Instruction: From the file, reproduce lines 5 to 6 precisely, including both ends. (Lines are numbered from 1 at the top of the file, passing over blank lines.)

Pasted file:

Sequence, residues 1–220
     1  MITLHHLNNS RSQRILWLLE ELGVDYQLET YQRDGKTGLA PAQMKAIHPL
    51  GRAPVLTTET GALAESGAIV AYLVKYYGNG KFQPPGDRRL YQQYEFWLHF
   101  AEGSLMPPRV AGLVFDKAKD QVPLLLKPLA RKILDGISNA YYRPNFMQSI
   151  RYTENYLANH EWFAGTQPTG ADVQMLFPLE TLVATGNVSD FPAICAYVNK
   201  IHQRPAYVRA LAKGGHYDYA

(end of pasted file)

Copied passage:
   151  RYTENYLANH EWFAGTQPTG ADVQMLFPLE TLVATGNVSD FPAICAYVNK
   201  IHQRPAYVRA LAKGGHYDYA